Another rare reference to possible causality occurs in 1997: “The reason Israel’s security chiefs warned Mr Netanyahu that his [settlement building] in Jerusalem could trigger violence was because they understood that the Palestinians, having no other means to stop Israeli bulldozers, would resort to terrorism”.
Politics, not religion
As University of Chicago professor Robert Pape points out in an interview, published in The American Conservative three days after Friedman poses the question of why young Sunni males are “so willing to blow up themselves and others in the name of their religion”:
“The central fact is that overwhelmingly suicide-terrorist attacks are not driven by religion as much as they are by a clear strategic objective: to compel modern democracies to withdraw military forces from the territory that the terrorists view as their homeland. From Lebanon to Sri Lanka to Chechnya to Kashmir to the West Bank, every major suicide-terrorist campaign – over 95 per cent of all the incidents – has had as its central objective to compel a democratic state to withdraw”.
“The central fact is that overwhelmingly suicide-terrorist attacks are not driven by religion.“
– Robert Pape, professor at University of Chicago
Pape is speaking in the interview about his book Dying to Win: The Strategic Logic of Suicide Terrorism, which – interestingly enough – appears on the recommended reading list that Friedman composes on his short-lived New York Times blog in 2005 (though he does specify that the list is composed of “books that I have read, read about or read parts of”).
Pape’s reminder that, prior to the US invasion, “Iraq never had a suicide-terrorist attack in its history. Never” goes unheeded by Friedman, who prefers to rely on the analysis of his biographer/translator friend Raymond Stock, “a long-time resident of Cairo”, who informs Friedman that Sunni suicide attacks in general are “the modern incarnation of several deeply rooted and interlocking wars” dating back to the seventh century.
The prudence of Friedman’s decision to temporarily exempt the Shia faith from the “struggle with modernity” is meanwhile called into question when he subsequently discovers that the “cold war” between the United States and Iran is “the real umbrella story in the Middle East today – the struggle for influence across the region, with America and its Sunni Arab allies (and Israel) versus Iran, Syria and their non-state allies, Hamas and Hezbollah”.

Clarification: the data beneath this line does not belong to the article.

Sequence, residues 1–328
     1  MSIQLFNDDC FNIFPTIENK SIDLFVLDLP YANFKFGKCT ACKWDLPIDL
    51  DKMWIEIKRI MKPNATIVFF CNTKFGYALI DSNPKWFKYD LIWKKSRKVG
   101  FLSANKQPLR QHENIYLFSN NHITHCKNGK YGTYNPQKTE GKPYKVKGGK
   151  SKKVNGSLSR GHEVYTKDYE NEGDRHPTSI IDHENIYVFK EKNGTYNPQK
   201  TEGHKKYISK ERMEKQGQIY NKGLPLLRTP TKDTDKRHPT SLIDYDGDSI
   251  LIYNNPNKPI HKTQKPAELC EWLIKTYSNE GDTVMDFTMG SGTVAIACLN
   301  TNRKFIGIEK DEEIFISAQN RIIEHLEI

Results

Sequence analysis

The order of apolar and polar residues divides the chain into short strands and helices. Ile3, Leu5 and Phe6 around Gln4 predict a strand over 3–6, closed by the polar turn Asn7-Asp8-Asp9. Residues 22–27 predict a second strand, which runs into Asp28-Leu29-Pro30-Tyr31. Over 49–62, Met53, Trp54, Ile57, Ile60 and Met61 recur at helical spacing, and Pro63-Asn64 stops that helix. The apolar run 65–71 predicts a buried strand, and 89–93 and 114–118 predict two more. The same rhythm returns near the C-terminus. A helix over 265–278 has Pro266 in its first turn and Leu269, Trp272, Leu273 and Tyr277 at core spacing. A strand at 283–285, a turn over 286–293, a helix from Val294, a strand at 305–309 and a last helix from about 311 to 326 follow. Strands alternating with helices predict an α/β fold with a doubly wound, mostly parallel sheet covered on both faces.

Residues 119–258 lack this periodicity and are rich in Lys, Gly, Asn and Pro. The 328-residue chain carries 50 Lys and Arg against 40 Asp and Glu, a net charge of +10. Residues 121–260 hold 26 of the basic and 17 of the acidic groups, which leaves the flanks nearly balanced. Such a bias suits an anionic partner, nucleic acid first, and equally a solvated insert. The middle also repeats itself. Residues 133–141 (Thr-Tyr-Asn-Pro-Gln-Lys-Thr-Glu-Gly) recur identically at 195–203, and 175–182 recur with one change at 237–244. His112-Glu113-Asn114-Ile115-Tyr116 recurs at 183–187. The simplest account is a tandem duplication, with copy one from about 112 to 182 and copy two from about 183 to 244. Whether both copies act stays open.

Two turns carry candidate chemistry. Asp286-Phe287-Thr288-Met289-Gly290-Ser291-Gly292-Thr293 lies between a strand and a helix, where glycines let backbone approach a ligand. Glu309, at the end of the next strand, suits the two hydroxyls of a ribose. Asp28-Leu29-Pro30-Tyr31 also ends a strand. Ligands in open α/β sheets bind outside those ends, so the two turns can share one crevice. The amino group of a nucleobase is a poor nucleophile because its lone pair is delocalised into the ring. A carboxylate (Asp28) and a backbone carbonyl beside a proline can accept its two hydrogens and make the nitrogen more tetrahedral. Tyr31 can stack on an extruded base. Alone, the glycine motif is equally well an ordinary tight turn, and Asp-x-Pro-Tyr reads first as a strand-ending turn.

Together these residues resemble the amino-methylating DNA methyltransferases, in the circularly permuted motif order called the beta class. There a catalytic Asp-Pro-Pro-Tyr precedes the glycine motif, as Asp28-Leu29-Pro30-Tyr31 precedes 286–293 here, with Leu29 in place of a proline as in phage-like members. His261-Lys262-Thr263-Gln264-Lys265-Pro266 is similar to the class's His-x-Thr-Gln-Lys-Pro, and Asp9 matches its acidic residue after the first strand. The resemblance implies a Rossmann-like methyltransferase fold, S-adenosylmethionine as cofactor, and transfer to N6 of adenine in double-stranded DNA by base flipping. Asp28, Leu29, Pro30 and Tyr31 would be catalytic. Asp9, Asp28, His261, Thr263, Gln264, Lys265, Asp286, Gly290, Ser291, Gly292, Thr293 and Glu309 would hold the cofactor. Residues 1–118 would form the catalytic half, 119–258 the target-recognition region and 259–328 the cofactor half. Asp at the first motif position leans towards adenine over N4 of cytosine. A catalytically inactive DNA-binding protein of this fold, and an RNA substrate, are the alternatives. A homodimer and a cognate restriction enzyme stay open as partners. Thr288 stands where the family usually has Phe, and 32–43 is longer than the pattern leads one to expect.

The Orientalist tendency to anchor Oriental subjects in antiquity, where they remain in perpetual need of civilisation by the West and its militaries, is viewable time and again in Friedman’s discourse – from his outright insistence that Arabs and Muslims are “backward” and intent on maintaining a situation in which “the past buries the future”, to his more refined anthropological assessments, such as one made during his foray into Umm Qasr, Iraq, a month following the 2003 invasion: “It would be idiotic to even ask Iraqis here how they felt about politics. They are in a pre-political, primordial state of nature”.
Shaping the Iraqi primordial mush proves a daunting task for the United States, despite various assistance from Friedman, ranging from his encouragement of national cohesion via articles like “Are There Any Iraqis in Iraq?” (answer: there is an Iraqi silent majority, but it is being outperformed by the Iraqi Khmer Rouge posing as the Iraqi Viet Cong), to advice regarding treatment of elected Iraqi leaders: “We should lock them in a room and not let them out until they either produce a national unity government, so Americans will want to stay in Iraq, or fail to produce that government, which would signal that it’s time to warm up the bus”.
In 2010, Friedman once again brings up the “simple but gnawing question” that has yet to be resolved concerning Iraq’s prewar incarnation: “Was Iraq the way Iraq was (a dictatorship) because Saddam was the way Saddam was, or was Saddam the way Saddam was because Iraq was the way Iraq was… incapable of self-rule and only governable by an iron fist?”
The disingenuous irony of championing a war-based “democracy experiment in the Arab-Muslim world” when one admits to not knowing whether the demos on the receiving end of the war is interested in the sort of democracy that one intends to install is even better highlighted in Friedman’s previous explanation that, “unlike in Eastern Europe [in the late 1980s] – where a democratic majority was already present and crying to get out, and all we needed to do was remove the wall – in Iraq we first need to create that democratic majority”.
As for the limits that govern disingenuous experiments in democracy, Friedman hints at these with such statements as “While we would like an Iraqi national movement – binding Shiites, Kurds and Sunnis – to coalesce, we don’t want it coalescing in opposition to us”.
This excerpt is from The Imperial Messenger: Thomas Friedman at Work, published by Verso Books. Reprinted here with permission.
Belen Fernandez is an editor at PULSE Media. The Imperial Messenger is available for purchase at Verso, Amazon, and numerous other sites. Read interviews with the author at Jadaliyya and the NYTimes eXaminer.
The views expressed in this article are the author’s own and do not necessarily reflect Al Jazeera’s editorial policy.